I had all but given up on James Bond. Just recently, I gave Casino Royale (2006) a second chance to impress me, and am now ready to declare it one of my least favorite films in the long-running series. And I finally got around to watching its sequel, Quantum of Solace (2008)—the only Bond film since 1979’s Moonraker that I didn’t see in its original theatrical release—and found myself even more disappointed. I couldn’t follow either of the plots. I felt there was too much of Judi Dench’s M. There was no sense of FUN. And, perhaps most significantly, I didn’t buy Daniel Craig as James Bond. After two stinkers in a row, my interest in seeing Skyfall diminished rapidly.
But then I took a chance and went to see it on the Saturday of its opening weekend, with my wife Ginny and my 9-year-old daughter Maddie in tow—this being Maddie’s first-ever Bond film.
Well, to use a quote from another film series, “Just when I thought I was out, they pull me back in.”
Skyfall is a return to form, a highly entertaining film that I hope is a harbinger of things to come.
The plot is fairly straightforward: Something from M’s past comes back to haunt her and threatens the future of MI6, the British Secret Service. Bond, who has his own issues with M resulting from a critical decision she makes during the film’s opening sequence, has to confront this formidable threat—but he’s physically and psychologically diminished, and he just may find himself sympathizing with the other side this time.
The first half of the film may be a bit slow in places, but it never gets boring or confusing. (In fact, Maddie leaned over to me at around the halfway point and whispered, “I’m really liking this movie so far!”) The second half, however, is downright terrific, with the main villain taking center stage and Bond discovering what he’s really up against. It’s here that we get to see a wonderful, affectionate acknowledgment of the series’ 50-year history—an embracing of the past that the previous two Daniel Craig entries tried to shy away from. And it’s during the latter part of the film that we find out what “Skyfall” actually refers to. I felt it was worth the wait—and quite revelatory.
Speaking of revelatory, I’m no Bond expert, but I think we learn more about 007’s backstory in this film than in the 22 previous movies combined. Not enough to humanize him in a major way, or to take away the air of mystery surrounding his character, but you certainly get more of a sense of who he was before he joined Her Majesty’s Secret Service and what shaped him into the man he is today.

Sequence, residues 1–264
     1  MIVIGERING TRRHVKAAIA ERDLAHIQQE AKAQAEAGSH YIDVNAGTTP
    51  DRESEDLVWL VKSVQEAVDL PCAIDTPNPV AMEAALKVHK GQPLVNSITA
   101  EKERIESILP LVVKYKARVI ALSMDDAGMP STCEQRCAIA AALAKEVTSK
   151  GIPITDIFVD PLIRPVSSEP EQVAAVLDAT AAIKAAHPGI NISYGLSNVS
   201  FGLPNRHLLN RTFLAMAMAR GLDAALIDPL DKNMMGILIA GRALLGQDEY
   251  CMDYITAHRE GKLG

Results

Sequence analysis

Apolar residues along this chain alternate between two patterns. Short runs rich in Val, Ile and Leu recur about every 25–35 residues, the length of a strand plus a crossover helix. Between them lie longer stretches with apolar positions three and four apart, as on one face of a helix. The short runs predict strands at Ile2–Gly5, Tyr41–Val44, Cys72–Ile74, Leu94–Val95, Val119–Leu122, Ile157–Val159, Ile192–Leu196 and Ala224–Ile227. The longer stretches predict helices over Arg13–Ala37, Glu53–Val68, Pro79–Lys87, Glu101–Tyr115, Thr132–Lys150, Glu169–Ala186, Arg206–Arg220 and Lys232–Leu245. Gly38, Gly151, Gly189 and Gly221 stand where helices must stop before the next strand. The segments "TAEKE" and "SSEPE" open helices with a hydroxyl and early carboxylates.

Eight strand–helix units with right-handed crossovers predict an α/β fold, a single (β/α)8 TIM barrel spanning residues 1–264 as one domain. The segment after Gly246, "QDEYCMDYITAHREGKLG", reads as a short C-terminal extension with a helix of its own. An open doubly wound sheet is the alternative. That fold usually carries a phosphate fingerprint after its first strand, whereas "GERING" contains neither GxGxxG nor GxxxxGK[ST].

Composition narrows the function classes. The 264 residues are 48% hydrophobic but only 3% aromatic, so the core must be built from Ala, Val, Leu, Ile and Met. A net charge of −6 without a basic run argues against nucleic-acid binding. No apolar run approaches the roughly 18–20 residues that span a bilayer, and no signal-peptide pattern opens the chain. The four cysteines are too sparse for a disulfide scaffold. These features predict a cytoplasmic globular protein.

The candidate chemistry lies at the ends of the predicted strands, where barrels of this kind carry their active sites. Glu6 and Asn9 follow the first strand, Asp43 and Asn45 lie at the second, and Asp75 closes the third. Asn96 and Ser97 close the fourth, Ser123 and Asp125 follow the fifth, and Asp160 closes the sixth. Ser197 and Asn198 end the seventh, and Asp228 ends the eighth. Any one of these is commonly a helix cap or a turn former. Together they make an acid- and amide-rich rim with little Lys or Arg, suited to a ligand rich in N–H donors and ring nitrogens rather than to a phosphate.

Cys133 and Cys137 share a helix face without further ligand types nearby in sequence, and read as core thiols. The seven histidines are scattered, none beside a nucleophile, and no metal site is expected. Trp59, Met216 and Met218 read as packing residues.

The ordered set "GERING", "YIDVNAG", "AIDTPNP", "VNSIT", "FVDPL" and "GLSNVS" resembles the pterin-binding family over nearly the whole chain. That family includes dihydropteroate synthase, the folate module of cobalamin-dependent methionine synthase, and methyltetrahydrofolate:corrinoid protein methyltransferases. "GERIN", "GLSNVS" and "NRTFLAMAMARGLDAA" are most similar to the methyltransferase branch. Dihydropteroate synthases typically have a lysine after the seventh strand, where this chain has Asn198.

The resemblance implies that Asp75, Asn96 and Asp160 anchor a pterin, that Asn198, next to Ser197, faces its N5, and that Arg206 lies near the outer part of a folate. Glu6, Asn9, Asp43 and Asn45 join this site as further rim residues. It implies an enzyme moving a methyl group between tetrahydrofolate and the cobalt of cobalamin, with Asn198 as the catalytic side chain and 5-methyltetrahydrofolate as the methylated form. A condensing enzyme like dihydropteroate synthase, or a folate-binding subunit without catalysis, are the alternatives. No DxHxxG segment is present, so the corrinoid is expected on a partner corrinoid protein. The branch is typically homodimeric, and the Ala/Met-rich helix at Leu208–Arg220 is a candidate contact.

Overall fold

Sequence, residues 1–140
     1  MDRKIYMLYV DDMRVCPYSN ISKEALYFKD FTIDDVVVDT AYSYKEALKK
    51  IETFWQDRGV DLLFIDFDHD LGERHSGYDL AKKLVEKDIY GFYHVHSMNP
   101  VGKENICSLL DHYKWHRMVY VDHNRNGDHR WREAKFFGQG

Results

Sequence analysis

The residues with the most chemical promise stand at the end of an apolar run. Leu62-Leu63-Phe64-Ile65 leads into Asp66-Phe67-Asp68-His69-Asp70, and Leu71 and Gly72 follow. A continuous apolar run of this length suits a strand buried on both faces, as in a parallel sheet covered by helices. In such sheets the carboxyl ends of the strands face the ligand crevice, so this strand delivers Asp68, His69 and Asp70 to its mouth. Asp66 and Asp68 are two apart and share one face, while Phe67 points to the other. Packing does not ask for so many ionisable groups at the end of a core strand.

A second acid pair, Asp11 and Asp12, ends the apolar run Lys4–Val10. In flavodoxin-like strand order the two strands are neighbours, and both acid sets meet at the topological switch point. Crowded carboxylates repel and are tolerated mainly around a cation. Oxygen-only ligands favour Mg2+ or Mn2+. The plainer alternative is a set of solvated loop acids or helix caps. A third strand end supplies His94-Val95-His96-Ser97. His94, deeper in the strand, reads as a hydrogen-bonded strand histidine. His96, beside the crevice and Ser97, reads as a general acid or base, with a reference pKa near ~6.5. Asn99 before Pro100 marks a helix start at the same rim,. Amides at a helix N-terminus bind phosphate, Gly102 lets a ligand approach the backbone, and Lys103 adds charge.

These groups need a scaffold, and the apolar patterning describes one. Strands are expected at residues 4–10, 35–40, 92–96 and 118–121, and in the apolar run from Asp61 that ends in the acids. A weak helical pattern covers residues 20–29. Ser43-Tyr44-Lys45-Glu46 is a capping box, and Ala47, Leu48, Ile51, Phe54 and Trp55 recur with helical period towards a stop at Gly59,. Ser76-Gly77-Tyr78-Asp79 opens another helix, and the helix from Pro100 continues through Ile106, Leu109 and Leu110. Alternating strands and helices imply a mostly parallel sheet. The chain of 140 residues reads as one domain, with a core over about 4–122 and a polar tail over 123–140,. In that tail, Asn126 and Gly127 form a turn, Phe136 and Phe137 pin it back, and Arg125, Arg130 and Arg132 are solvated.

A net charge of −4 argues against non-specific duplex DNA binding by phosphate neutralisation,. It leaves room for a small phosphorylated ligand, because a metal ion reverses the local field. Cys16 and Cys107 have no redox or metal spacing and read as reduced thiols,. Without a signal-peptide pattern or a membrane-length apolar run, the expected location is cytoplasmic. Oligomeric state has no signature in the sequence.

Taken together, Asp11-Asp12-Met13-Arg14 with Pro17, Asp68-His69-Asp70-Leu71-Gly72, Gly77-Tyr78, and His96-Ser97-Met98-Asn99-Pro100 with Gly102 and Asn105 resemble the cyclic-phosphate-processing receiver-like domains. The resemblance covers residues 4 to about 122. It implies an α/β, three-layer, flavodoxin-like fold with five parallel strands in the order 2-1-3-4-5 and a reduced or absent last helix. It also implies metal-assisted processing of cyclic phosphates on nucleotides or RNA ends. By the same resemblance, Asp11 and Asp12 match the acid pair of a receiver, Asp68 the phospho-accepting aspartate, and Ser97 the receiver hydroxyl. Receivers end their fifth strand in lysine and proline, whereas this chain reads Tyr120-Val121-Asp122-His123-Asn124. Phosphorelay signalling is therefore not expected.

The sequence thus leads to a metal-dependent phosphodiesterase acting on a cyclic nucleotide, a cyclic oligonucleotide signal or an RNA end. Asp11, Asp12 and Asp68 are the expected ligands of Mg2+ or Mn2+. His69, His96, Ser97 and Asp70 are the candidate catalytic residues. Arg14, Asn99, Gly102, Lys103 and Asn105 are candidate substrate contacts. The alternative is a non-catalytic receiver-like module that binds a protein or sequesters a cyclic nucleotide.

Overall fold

The main villain, Raoul Silva, as portrayed by Javier Bardem, is the most colorful, compelling, and downright enjoyable Bond antagonist in many, many years. His motivation is pure and simple, and while his ultimate goal is less epic than that of, say, Ernst Stavro Blofeld or Auric Goldfinger, I think in years to come, Bardem’s Silva may be as fondly remembered as those two classic characters. Bardem really goes all-out and seems to be having a great time.
|Javier Bardem as Silva|
I can’t say I ever really warmed to Judi Dench as M, and I didn’t particularly care for her during the first half of Skyfall. But I have to say, by the end of the film, she won me over.
|Judi Dench, playing M for the seventh time|
Ralph Fiennes, an actor I’ve always liked, has a supporting role as Gareth Mallory, a British bureaucrat tasked with overseeing—and overhauling—MI6. But he proves to be much more than that, and I was delighted. I guessed the resolution of his story arc about halfway through the film, and I was very happy to be proven correct.
|Ralph Fiennes as Gareth Mallory|
Naomie Harris, a beautiful actress who was so impressive in the 2002 horror film 28 Days Later, is a welcome addition to the series. She plays Eve, an MI6 agent who forges a relationship with Bond that is both unique and somewhat familiar. There’s a nice payoff with her character that should have a significant impact on the series.
|Naomie Harris takes aim|
In the same vein, we’re finally introduced (or, rather, reintroduced) to Q, the tech wizard who supplies Bond with all those memorable gadgets. Here, he’s played by Ben Whishaw as a young, somewhat arrogant, geeky introvert—think Cillian Murphy as Jonathan Crane in Christopher Nolan’s Batman movies. I still miss John Cleese in the role, but Whishaw makes a good first impression. (Maddie enjoyed him the most!)
|Ben Whishaw as the new Q|
But above all else, my feeling is that with Skyfall, Daniel Craig has finally become James Bond. He shows hints of humanity and even warmth, and there are a few moments of genuine humor. Those funny moments are never forced or goofy, as they were in the Roger Moore films—they come from the characters and the situations in which they find themselves. Two particular moments stand out: Bond interacting with a train engineer on the London Underground, and later on, his reaction to M’s crabbiness as he’s driving her to safety in his car. I found myself genuinely rooting for Craig’s Bond in this film. I actually cared about what happened to him, and I wanted him to triumph.
Sean Connery’s still the best Bond of all time, and will most likely remain so. While many will undoubtedly disagree with me, I still rank Pierce Brosnan as #2. But with Skyfall, Daniel Craig lands at #3, with the potential to move up a notch before too long.
The film ends with the promise, “James Bond will Return,” and for the first time in a number of years, that’s something I’m really looking forward to.
© All text copyright Glenn Greenberg, 2012.